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D-Day and V-Day

Dr. Jim Denison is a cultural apologist who helps people respond biblically and redemptively to the vital issues of our day. He is also the co-founder and Chief Vision Officer of the Denison Forum, a Dallas-based nonprofit that comments on current issues through a biblical lens.

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Topical Scripture: Romans 7:14-25

What’s wrong with me? My parents had every right to ask that question all the years I was in their home.

Not all my discipline problems were intentional. When I showed Lamar Daniels my Cub Scout fire-starting abilities in a nearby field, I didn’t know I was starting a two-alarm blaze. Or that the baseball I hit in the street would smash a neighbor’s car windshield.

But when I used my new Cub Scout pocketknife to dig holes in a neighbor’s hose, I knew that was wrong. When I melted crayons in my first grade teacher’s hair, I knew that was wrong. When I locked a girl in the coat locker over lunch in the fourth grade, and scattered chalk dust into the window air conditioner so that it coated the classroom, I knew that was wrong.

My parents were two of the most honest and moral people I’ve ever met. They raised me better than that. Why did I do these things?

Did the arsonists who started the California wildfires know what they did was wrong? Why did they do it?

Why did you do the last thing you knew you shouldn’t? Is there any hope for the human race? Any hope for people who call ourselves Christians? If the holy God of the universe lives in us, why aren’t we more holy? If we are really the children of a perfect Father, why do we do the things we do?

Can we do better? Can we live the kind of godly lives we all know we should? Can we ever find victory over temptation and weakness and sin? The promise of God’s word today is that we can. It is my privilege to show you how.

Admit your total depravity

As you know, D-Day in World War II came on June 6, 1944 at the Battle of Normandy. V-Day, Victory Day, came in Europe on May 8, 1945, and in Japan on August 15. Between D-Day and these V-Days, the war raged on, but victory was in sight. The enemy was on the road to defeat, but was not yet destroyed.

In spiritual terms, I’ve often heard that you and I live in the same period of time. D-Day came with the death and resurrection of Jesus. V-Day comes with his return. In the meanwhile, we must fight the enemy every day. We will win some battles and lose others, but the ultimate victory is certain. V-Day is on the way.

I no longer believe that. I now know that V-Day, like D-Day, has already come for Christ-followers. We can have total victory over sin and Satan today. We don’t have to do the things we do, ever. V-Day can be this day. How?

In theological terms, we’re dealing with the topic of “total depravity.” Theologians mean by this that every part of us is affected by sin. Your mind, your emotions, your attitudes and feelings as well as your action. Not just what you do, but who you are. You are not a good person who sometimes does bad things–you are by nature a bad person who often does good things. So am I. It is our nature to sin. Depravity has affected every dimension of our lives.

Romans 7 gives the most honest expression to this fact in all of Scripture.

Paul is writing as a believer when he says that he is “sold as a slave to sin.” He belongs completely to it. What he wants to do, he does not, “but what I hate I do” (v. 15)–this is “sin living in me” (v. 17). He wants to do what is good, “but I cannot carry it out” (v. 18). This is an ongoing problem: “the evil I do not want to do–this I keep on doing” (v. 19). More specifically, “it is sin living in me that does it” (v. 20).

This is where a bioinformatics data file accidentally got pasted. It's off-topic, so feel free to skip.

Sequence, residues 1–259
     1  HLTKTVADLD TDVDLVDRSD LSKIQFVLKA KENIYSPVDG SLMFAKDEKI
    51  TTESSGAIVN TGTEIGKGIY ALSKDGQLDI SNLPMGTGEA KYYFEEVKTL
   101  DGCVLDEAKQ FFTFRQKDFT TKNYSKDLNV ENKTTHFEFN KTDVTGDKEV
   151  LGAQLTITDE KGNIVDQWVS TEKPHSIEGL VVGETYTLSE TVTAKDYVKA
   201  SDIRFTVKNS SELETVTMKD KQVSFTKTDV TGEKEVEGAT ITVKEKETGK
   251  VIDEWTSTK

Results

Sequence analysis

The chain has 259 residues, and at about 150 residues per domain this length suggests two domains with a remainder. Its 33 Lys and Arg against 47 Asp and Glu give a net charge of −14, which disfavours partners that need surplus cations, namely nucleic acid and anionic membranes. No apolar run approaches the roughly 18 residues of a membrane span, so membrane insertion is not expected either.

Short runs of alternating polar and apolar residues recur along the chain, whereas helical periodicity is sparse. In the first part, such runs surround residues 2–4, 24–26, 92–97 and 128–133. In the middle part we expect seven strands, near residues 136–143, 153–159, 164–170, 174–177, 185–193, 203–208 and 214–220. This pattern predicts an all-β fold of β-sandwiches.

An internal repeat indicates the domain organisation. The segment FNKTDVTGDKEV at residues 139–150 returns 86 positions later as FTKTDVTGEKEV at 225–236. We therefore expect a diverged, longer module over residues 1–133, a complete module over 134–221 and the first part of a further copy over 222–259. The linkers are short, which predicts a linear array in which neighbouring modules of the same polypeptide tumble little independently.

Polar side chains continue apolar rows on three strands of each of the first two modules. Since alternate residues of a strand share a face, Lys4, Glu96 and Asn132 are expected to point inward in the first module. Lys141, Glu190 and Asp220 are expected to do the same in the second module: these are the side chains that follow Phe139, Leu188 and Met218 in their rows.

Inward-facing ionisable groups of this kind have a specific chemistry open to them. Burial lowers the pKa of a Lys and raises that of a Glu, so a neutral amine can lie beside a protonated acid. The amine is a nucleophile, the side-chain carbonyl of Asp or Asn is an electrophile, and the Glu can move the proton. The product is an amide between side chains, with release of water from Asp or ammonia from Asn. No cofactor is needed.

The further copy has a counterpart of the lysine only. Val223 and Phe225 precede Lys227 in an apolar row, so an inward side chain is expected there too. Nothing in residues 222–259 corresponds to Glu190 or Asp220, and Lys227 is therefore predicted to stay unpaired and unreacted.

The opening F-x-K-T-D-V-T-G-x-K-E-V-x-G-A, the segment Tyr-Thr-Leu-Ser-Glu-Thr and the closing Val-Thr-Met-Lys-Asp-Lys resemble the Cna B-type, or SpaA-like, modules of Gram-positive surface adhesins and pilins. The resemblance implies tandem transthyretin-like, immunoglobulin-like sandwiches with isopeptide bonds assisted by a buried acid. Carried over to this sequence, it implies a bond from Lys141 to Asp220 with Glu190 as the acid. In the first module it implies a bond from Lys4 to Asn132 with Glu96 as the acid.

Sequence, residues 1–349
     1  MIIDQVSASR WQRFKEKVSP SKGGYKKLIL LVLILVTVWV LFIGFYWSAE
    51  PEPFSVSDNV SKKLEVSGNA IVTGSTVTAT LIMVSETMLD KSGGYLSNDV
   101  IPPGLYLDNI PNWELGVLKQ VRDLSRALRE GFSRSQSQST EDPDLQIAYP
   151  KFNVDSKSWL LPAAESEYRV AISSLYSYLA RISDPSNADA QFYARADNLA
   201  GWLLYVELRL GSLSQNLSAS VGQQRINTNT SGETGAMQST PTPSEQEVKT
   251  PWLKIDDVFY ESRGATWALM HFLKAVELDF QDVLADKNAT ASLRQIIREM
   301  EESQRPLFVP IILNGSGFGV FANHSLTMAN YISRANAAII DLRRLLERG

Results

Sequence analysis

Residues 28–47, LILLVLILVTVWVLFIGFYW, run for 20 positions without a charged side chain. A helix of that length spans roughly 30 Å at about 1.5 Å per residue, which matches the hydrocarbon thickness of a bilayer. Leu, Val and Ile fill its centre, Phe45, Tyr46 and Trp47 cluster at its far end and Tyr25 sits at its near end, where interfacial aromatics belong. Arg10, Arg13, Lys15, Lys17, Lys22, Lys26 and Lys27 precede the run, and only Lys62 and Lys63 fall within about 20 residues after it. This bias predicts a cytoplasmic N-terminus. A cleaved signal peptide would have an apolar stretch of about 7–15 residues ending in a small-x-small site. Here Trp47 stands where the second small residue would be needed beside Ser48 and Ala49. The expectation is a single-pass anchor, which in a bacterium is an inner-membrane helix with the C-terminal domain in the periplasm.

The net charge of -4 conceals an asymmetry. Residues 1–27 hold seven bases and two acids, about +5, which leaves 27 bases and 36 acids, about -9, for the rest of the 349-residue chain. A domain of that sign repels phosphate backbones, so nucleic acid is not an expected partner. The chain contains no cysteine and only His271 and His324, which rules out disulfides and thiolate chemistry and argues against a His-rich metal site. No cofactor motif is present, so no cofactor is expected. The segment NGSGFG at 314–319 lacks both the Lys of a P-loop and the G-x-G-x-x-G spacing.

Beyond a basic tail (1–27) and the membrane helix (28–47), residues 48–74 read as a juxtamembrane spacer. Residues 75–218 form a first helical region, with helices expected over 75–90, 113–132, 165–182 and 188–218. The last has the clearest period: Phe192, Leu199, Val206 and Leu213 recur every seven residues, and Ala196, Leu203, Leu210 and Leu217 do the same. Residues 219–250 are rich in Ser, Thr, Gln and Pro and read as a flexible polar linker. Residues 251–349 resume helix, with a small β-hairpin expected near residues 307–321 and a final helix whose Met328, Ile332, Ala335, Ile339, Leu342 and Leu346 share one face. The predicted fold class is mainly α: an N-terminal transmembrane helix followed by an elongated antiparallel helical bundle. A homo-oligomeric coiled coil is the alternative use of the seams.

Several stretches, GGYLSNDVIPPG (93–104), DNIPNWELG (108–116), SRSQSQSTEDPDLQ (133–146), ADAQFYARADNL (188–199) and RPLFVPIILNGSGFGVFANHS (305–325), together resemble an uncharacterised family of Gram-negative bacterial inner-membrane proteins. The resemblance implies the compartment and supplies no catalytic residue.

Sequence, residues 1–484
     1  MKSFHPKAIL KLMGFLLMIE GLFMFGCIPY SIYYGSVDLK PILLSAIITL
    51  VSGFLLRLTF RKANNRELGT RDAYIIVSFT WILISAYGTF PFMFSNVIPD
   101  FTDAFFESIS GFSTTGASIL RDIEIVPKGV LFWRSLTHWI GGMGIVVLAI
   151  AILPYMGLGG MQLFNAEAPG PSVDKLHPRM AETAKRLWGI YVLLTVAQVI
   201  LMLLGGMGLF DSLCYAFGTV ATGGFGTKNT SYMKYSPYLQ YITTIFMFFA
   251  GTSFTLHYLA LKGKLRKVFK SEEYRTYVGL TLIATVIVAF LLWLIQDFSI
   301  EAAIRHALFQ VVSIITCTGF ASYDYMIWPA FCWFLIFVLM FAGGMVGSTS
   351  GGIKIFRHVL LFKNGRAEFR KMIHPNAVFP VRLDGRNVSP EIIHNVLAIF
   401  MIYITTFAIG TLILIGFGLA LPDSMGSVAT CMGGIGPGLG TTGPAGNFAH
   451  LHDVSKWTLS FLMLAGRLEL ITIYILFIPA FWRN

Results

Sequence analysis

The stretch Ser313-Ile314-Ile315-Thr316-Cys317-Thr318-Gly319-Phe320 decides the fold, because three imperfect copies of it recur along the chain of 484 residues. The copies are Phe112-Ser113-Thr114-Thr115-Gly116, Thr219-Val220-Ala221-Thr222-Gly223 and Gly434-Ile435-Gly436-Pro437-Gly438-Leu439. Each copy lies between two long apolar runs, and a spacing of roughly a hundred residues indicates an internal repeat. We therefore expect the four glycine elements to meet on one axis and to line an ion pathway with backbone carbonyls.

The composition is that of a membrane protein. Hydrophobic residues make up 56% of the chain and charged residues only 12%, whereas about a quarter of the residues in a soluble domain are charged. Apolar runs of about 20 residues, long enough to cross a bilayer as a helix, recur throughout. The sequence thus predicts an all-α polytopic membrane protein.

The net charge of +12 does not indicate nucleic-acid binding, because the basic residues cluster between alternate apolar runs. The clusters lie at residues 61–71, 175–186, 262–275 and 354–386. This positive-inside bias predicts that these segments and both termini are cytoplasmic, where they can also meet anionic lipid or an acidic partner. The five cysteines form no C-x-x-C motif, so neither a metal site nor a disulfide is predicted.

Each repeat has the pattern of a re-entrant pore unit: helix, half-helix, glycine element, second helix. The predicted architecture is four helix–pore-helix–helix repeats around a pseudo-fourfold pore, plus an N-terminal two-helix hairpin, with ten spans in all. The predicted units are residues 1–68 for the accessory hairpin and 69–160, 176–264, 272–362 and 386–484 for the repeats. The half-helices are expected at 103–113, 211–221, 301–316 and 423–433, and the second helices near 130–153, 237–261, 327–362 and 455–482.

In his “inner being,” Paul loves doing the word and will of God (v. 22), but there is “another law at work in the members of my body, waging war against the law of my mind and making me a prisoner of the law of sin at work within my members” (v. 23).

The apostle is trapped between the two, caught in the spiritual crossfire with no way out. He can do well one day and sin another. He can step forward in faith but then backward in defeat. “What a wretched man I am!” he admits (v. 24a). “Who will rescue me from this body of death?” he cries (v. 24b). If this is true for the greatest apostle in Christian history, what of us?

Paul is simply stating what God’s word says of us all. All of us have sinned and come short of God’s glory (Romans 3:23).

King David lamented, “The Lord looks down from heaven on the sons of men to see if there are any who understand, any who seek God. All have turned aside, they have together become corrupt; there is no one who does good, not even one” (Psalm 14:2-3).

The first step to winning the battle against sin is admitting that you cannot win it. You can fight temptation and sin for a while, but don’t you inevitably lose?

Preachers used to speak of “besetting sins,” those temptations to which we are especially and individually susceptible. Yours may not be mine, and mine may not be yours, but we all have them.

Charles Finney, in a famous sermon preached in 1845, made this list: temper, worry, coveting what we do not have, greed, dishonesty, falsehood, laziness, slander, gossip, envy, jealousy, prideful ambition, overeating, overdrinking, vanity of appearance, and sexual lust.

Are any of these living in your soul? What temptation continually plagues you? What sin do you find yourself struggling to defeat? Start there. Begin by admitting your total depravity, your absolute inability to gain total victory in this battle.

Claim your total victory

“Who will rescue me from this body of death?” Paul cried (v. 24b). Here’s the answer, the incredible good news for us today: “Thanks be to God–through Jesus Christ our Lord!” (v. 25). He will say it again in Romans 8:1: “Therefore, there is now no condemnation for those who are in Christ Jesus.” Why? “Because through Christ Jesus the law of the Spirit of life set me free from the law of sin and death” (v. 2).

When Jesus died for us, “he condemned sin in sinful man” (v. 3). His death killed the sin nature. He defeated sin and destroyed the reign of Satan. He broke the chains which enslaved us and won us total victory. Not just one day–this day. Not just when he returns–when his Spirit comes to live in each of us.